Phantastes, by George MacDonald
The influence of this Scottish author and minister is most famously cited in connection with C.S. Lewis, author of The Chronicles of Narnia as well as other works of fiction and nonfiction. But George MacDonald (1824-1905) is often described as the father of modern fantasy and credited with inspiring a host of other early- and mid-twentieth century authors.
I have blogged elsewhere about the suitability of fairy stories for winter reading (click here for the post). December seemed a good time to commence my long-intended re-reading of MacDonald’s classic. When I first read Phantastes some thirty years ago, it left me, in the main, puzzled. Last fall I waded through The Faerie Queen (or rather, let all sixty hours of the audiobook wash over me). Despite my lamentable inattention to Spenser’s meandering masterpiece, familiarity with The Faerie Queen did enhance my appreciation for MacDonald’s imagery and the protagonist’s journey through faerieland.
Since my daughter and I and our book club just finished Heather Vogel Frederick’s Home for the Holidays, it seemed like a good time to review this series that we have been enjoying for more than four years now.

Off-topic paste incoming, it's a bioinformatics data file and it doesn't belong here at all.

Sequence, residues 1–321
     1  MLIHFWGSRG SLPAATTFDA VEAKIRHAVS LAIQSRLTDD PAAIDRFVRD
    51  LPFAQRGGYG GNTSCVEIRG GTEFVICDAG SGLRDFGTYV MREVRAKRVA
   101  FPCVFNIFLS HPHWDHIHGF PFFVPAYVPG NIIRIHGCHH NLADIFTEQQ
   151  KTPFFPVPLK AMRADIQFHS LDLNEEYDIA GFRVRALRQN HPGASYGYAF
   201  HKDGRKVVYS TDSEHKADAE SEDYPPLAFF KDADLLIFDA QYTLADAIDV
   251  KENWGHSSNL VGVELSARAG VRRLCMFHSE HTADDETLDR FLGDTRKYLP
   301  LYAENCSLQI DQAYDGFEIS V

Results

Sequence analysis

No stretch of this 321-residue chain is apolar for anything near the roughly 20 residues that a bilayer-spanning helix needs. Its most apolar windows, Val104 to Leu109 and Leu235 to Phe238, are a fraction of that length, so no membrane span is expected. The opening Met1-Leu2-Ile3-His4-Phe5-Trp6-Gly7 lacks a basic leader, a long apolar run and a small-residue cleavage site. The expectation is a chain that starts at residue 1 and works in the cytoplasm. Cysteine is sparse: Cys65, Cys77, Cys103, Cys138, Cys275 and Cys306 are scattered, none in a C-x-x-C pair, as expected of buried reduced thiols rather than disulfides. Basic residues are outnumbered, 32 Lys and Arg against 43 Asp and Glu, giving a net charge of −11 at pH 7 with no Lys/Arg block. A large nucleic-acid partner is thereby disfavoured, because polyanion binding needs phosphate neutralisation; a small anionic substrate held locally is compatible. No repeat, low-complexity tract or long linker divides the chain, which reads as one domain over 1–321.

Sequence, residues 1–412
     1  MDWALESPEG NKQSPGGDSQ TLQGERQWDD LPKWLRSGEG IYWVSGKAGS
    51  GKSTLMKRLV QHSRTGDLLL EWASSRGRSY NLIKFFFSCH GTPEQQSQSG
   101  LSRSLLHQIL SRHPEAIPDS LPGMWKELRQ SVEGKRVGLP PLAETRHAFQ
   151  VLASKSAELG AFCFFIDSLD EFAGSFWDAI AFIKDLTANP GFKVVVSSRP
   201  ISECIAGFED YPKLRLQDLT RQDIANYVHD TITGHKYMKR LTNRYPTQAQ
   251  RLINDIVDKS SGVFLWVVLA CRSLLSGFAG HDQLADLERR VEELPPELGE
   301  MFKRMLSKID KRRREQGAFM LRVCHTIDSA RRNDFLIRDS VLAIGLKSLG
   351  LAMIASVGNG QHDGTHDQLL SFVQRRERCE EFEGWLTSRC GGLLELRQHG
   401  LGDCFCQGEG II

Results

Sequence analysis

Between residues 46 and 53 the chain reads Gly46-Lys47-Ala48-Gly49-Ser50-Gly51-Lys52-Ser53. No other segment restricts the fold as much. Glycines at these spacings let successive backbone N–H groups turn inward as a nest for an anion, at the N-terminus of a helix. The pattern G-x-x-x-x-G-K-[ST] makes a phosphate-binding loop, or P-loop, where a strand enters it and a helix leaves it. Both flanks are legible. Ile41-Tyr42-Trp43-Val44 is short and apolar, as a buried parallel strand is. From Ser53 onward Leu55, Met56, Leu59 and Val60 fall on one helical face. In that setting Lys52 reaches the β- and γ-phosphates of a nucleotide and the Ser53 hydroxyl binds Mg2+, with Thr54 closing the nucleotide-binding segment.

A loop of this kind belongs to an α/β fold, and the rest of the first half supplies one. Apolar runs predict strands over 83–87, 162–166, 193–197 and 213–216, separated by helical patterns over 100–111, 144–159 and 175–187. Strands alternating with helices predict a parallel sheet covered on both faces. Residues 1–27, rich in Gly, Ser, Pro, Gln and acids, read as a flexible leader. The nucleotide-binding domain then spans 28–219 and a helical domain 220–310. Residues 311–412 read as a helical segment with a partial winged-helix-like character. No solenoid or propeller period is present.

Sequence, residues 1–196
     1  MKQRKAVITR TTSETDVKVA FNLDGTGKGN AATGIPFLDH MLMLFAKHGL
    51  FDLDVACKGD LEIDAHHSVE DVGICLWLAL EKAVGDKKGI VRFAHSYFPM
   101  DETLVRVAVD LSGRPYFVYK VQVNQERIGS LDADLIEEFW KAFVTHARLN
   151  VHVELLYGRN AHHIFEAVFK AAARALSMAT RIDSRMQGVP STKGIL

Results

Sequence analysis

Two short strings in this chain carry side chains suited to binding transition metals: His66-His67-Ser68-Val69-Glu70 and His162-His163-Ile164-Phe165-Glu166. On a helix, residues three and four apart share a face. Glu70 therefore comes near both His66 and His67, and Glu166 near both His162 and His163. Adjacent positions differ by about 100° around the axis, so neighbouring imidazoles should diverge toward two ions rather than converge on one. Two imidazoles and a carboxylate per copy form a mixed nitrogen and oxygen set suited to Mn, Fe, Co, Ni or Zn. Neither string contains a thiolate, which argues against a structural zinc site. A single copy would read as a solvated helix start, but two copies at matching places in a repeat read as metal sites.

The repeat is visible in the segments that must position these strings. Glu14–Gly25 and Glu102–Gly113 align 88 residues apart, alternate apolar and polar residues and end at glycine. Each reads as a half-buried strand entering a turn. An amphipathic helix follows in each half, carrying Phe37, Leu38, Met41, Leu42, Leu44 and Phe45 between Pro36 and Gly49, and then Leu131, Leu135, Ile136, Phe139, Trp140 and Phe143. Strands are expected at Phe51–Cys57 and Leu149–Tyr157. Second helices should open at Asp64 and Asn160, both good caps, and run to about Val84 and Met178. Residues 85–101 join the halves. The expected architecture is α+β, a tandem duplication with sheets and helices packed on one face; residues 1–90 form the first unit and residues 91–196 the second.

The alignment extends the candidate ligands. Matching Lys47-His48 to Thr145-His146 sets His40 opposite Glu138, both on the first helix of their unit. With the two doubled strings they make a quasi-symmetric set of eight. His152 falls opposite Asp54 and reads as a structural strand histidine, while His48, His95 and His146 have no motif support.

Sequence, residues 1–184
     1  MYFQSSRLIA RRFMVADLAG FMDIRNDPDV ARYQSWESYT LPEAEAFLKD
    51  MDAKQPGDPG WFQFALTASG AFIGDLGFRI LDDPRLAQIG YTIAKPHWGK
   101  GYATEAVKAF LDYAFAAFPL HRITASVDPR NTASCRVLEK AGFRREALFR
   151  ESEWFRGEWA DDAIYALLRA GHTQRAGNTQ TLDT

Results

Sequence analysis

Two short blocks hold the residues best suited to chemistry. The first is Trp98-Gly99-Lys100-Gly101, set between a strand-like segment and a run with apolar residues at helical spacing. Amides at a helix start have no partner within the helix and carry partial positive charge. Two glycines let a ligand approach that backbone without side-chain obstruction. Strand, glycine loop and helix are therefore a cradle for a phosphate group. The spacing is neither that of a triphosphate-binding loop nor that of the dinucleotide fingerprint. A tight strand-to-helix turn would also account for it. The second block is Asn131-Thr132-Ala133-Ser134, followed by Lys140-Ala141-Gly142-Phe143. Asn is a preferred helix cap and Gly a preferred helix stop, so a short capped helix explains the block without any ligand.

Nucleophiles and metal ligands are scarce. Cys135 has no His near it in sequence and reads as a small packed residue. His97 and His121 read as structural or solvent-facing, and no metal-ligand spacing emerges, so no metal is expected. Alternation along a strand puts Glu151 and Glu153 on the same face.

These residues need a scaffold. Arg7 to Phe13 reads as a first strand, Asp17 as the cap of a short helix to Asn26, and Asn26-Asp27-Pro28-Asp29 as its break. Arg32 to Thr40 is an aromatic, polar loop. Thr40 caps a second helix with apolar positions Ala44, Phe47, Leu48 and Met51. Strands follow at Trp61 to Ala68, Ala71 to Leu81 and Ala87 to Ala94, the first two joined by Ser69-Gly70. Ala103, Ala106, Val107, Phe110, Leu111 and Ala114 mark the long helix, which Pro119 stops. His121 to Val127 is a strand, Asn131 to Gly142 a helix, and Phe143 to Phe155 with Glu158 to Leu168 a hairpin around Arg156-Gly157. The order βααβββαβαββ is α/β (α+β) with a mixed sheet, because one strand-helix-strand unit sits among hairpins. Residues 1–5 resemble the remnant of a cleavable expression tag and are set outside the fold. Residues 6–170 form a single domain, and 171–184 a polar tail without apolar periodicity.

I stumbled across Much Ado about Anne (book two in the series) while looking up L.M. Montgomery’s Anne of Green Gables books at the library. We quickly fell in love with Frederick’s highly relatable characters and situations and their Concord, Massachusetts, setting. Not unlike the Harry Potter series, the books begin with the main characters in sixth grade, covering one year per book (with a couple of exceptions) and seeing them through high school. Since my daughter was a fourth grader at the time, we took a couple of breaks to let her catch up with age of the book characters.
The intuitive outcome of my February 2020 reading was a resolution to make George MacDonald a literary staple of future winters. A logical accounting of what makes his fairy stories particularly suitable for the season, however, has proved more elusive.
MacDonald’s fairy tales are by no means escapist. Some, like “The Wise Woman,” are unscrupulously didactic. Nor does it do them justice merely to call them “hopeful,” in contrast to much contemporary literature I have run across of late. Continue reading